Words: We’re at a loss

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A scan of social media, national headlines, and common conversation makes it obvious: Words are more thoughtlessly and publicly wielded. Language erodes into textspeak.

That begs the question for National Words Matter Week: Do they?

According to linguistic research, words are directly linked with the brain’s ability to distinguish — among similar objects, qualities, or concepts — and the ability to understand those differences. Modern man continues to reduce daily spoken vocabulary, while expanding Oxford English Dictionary listings — which now exceed 1 million and counting.

We use very few of those — about 171,000, according to Oxford, and the average person’s vocabulary has shrunk in recent years. While linguistic researchers estimate most educated adults recognize 50,000-70,000 words, according to the Reading Teachers Book of Lists, a vocabulary of only 3,000 words covers 95 percent of modern texts. Far fewer are needed for magazines, blogs, and conversation.

In Shakespeare’s time the average literate English speaker used tens of thousands of words, while today, the average person uses only a few thousand. Pick up any novel written a little later, such as the 18th or 19th century, and compare that vocabulary to ours; the difference is immediately apparent. Shakespeare’s prolific works added some 1,700 words to English (e.g., auspicious, baseless, dwindle, watchdog).

So what’s wrong with keeping it simple? The breadth of meaning, and associated thinking.

Consider colors. Most of our early ancestors didn’t see or recognize blue. There was no word for it in most cultures, except perhaps the Egyptians, until relatively modern times. Could you describe the sky, or eye color, without it?

Cultures vary, but studies comparing cultural color recognition illustrate that what seem the same two, or barely distinguishable, colors to some groups are starkly contrasting to others. Those who see “obvious” differences have another word for that color in their language. For example, the ratio of equivalent Korean words to English is 5:1 for what we would call the “same” primary colors.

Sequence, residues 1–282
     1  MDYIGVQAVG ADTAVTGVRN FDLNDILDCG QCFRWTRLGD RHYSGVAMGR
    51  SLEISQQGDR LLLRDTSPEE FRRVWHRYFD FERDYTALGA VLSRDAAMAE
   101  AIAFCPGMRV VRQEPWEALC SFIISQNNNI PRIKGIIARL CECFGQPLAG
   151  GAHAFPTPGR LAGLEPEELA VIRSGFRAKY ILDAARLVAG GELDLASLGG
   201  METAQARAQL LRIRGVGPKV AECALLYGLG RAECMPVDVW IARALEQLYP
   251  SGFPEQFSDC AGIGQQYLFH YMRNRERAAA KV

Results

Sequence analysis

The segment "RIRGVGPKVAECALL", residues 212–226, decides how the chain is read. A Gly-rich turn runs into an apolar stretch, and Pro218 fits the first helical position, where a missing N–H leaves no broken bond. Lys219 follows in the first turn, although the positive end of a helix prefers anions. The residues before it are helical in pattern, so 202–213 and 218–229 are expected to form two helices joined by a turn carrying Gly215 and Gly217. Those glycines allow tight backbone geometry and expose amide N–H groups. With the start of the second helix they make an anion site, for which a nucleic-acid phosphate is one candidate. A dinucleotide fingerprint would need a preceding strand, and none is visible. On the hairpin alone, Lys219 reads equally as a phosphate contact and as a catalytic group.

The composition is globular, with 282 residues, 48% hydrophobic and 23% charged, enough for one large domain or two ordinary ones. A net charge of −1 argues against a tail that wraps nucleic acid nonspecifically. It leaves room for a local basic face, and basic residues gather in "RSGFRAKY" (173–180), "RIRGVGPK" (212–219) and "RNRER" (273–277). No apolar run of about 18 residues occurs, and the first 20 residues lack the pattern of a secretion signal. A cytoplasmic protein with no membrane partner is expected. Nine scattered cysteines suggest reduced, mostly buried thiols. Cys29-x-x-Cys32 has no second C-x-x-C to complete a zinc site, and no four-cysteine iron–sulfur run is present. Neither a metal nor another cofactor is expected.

Chinese has several words for “rice,” describing type and how cooked. In Arabic, many words translate to “camel,” signifying gender and type.

Next consider emotion. “Mad” explains little. What about “frustrated” vs. “irate”? “Irritated” and “enraged” are worlds apart. None of those evokes the same understanding as annoyed. Less common today, was another meaning for “mad” — insane. All synonyms, each with different meaning.

We need more words to differentiate. The fewer words in our vocabularies, and the less we use them, the less we understand of the world and one another. Better comprehension leads to better analysis and problem-solving.

So more words mean better living. More words increase effective intelligence.

While dictionaries certainly come in handy, exhaustive study isn’t required to improve vocabulary. Just head for the nearest bookstore or library.

After 2 million results, Testyourvocab.com concluded that while reading generally enhances vocabulary, what you read matters. Those who read more fiction had the biggest (and generally more accurate) vocabularies. Novels tend to employ more words to describe in more detail, compared with nonfiction materials.

“Words are the most powerful drug used by mankind.” — Rudyard Kipling

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Sholeh Patrick is a columnist for the Hagadone News Network. Contact her at sholeh@cdapress.com.

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